Jason Rezaian is on his way home

Washington Post editors react to Jason Rezaian's release
Washington Post editors react to Jason Rezaian's release

Washington Post journalist Jason Rezaian is free from Iranian custody, back with his family and about to be reunited with his editors.

Martin Baron, the Post's executive editor, and Douglas Jehl, the foreign editor, are at a U.S. military hospital in Landstuhl, Germany, where Rezaian arrived late on Sunday.

For the past 18 months both editors have been lobbying Iran to release Rezaian, the Post's Tehran correspondent. On Sunday it finally happened.

They haven't been able to see him yet, but they spoke briefly by phone on Sunday.

Rezaian was "in good spirits," the editors said in an internal memo. "Asked how he was doing, he said, 'I'm a hell of a lot better than I was 48 hours ago.' He said that he feels better than he did several months ago and that his mind is sharp."

"We've been waiting for this for a very long time," Baron said by telephone from Landstuhl earlier in the day. "You have no idea how difficult it is to continue to work and live your daily life knowing that one of your colleagues is sitting in the worst prison in Iran. It's a horrible feeling."

Now, he said, "we feel a huge sense of relief, and we're really looking forward to seeing him on safe ground."

Related: Watch Brian Stelter's interview with the editors

Jehl said he is both relieved and elated. "I'm just overjoyed that it's about to be over," he said.

Baron's optimism about Rezaian's case had dwindled a while ago.

"I always felt that he would be released eventually, but I was concerned that it could be many years," he said.

Rezaian and three others were ultimately freed as part of a prisoner swap that was announced on Saturday.

Sensing that the swap was imminent, thanks to intelligence from a Post reporter, Jehl flew to Europe on Thursday. Baron flew there the next day.

The Post editors had known about the swap talks for many months. They chose not to report the existence of the talks because "we didn't want to do anything that would compromise the safety" of Rezaian and the other detained Americans, Jehl said.

Several other news organizations, including CNN, also had knowledge of the talks but kept it quiet for the same reason.

Baron said there was a moment last summer when hopes were raised about an impending end to Rezaian's detention, "but then nothing occurred. So there were a few moments of optimism, but they were definitely few and definitely far between."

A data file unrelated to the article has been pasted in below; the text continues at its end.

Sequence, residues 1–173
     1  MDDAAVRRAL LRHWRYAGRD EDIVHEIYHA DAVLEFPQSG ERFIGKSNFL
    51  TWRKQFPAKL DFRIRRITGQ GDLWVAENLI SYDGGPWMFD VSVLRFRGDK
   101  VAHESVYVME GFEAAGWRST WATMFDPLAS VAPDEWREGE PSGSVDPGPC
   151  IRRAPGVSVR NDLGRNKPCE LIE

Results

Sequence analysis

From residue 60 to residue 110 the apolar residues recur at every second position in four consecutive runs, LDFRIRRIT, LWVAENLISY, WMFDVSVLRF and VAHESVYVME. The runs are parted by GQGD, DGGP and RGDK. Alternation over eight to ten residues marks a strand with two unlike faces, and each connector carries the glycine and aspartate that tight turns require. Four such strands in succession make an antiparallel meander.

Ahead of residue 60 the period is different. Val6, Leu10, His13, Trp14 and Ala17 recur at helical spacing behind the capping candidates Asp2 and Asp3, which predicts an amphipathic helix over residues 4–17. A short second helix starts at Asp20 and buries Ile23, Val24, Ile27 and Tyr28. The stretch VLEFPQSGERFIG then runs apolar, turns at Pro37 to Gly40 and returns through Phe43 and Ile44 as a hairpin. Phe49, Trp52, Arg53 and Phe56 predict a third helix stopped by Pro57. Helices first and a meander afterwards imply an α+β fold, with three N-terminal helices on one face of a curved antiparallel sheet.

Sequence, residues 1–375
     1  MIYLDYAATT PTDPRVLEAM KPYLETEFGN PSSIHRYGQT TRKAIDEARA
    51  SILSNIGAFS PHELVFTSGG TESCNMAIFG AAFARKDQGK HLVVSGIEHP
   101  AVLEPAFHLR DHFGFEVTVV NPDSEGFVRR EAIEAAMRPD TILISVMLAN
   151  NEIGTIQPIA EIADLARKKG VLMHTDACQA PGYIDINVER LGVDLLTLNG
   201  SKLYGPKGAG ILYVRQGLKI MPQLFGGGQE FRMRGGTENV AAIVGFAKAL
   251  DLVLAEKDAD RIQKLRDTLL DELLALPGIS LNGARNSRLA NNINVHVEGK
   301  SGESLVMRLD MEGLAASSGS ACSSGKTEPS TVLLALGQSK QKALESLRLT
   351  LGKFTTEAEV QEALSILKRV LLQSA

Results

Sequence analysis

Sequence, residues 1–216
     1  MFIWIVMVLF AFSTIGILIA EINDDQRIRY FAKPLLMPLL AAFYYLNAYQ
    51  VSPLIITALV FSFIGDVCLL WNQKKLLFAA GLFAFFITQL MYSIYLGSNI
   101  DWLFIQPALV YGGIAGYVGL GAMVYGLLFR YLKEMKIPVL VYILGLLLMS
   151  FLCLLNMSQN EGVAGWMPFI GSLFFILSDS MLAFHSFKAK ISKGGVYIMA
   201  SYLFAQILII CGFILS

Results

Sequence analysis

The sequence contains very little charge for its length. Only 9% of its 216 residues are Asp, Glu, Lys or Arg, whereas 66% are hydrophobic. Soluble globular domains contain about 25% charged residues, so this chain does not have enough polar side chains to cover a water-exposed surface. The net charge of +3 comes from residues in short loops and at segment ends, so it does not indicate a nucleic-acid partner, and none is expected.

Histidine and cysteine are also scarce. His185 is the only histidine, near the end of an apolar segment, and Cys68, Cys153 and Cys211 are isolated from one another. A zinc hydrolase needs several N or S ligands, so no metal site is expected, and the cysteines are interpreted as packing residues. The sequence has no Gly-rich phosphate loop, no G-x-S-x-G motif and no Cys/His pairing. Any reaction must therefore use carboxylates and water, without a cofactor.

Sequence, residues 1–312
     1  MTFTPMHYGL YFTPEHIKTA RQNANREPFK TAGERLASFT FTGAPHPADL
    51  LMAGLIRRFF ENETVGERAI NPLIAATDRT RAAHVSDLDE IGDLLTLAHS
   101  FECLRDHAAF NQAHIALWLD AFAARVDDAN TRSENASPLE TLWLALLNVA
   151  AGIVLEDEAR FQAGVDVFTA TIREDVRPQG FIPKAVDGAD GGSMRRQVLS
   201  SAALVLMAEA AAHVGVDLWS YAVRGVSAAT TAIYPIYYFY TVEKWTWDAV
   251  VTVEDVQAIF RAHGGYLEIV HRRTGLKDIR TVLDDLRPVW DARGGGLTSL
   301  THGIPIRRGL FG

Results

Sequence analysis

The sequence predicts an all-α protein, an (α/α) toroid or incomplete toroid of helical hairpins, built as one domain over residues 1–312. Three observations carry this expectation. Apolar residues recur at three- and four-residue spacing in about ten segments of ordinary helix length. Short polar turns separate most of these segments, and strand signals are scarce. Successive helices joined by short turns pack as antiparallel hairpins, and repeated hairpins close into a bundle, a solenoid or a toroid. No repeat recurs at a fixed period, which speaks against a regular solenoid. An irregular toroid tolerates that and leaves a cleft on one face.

When Rezaian finally departed the country on Sunday morning, buoyant "wheels up" emails were exchanged among Post executives. Baron tweeted the hashtag #JasonIsFree, a replacement for the protest hashtag #FreeJason.

Rezaian's brother Ali said "Jason's release has brought indescribable relief and joy to our family -- this nightmare is approaching an end."

He added, "Today is an incredible day for all of us."

Rezaian's wife, Yeganeh Salehi, and his mother Mary were also on the flight out of Iran. This is significant because Salehi was detained at the same time as Rezaian in July 2014. She was later released, but remained under threat of prosecution.

While Rezaian was seen by doctors, Baron and Jehl were able to spend some time with his wife, mother and brother. The Post released a photograph of the meeting.

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"The most important thing now to is to make sure that Jason's health is good," Baron said. "That's going to take some time to evaluate."

Frederick Ryan, the Post's publisher, said in a statement earlier on Sunday that Rezaian had been subjected to "deplorable conditions and inhumane treatment."

Journalists around the world joined the Post in calling for Rezaian's release. Ryan expressed "deep appreciation" to "the many government leaders, journalists, human rights advocates and others around the world who have spoken out on Jason's behalf."

He added, "We look forward to the joyous occasion of welcoming him back to the Washington Post newsroom."

It is unclear when that might happen.

Related: The long ordeal of Jason Rezaian: American journalist jailed by Iran

A Post employee in Washington, D.C., speaking on condition of anonymity, said there was an "incredible sense of relief" in the newsroom when Rezaian finally departed Iran. But there isn't much time for celebrating; there's a big story to cover.

"Most of the discussions of the past day have been about the work and reporting," the employee said.

The Post has been widely praised for its aggressive efforts to secure Rezaian's release.

"I don't think I've seen a U.S. news organization advocate for one of their journalists as well as WaPo did with Rezaian," Arash Karami ‏of AI-Monitor tweeted.

Baron and Jehl "fought like hell for Jason Rezaian. Showed us what it means to be an editor. Proud of them. Did not leave their guy," National Press Club executive director Bill McCarren tweeted.

While Rezaian has been freed, the Committee to Protect Journalists noted Iran's disturbing treatment of other journalists.

"There are 18 journalists left in prison" in Iran, all of whom are Iranians, the group's executive director Joel Simon said on CNN's "Reliable Sources."

"There's actually a crackdown underway in Iran," he said. "So we obviously need to celebrate Jason's release. But this is not a breakthrough in terms of press freedom or human rights in Iran."


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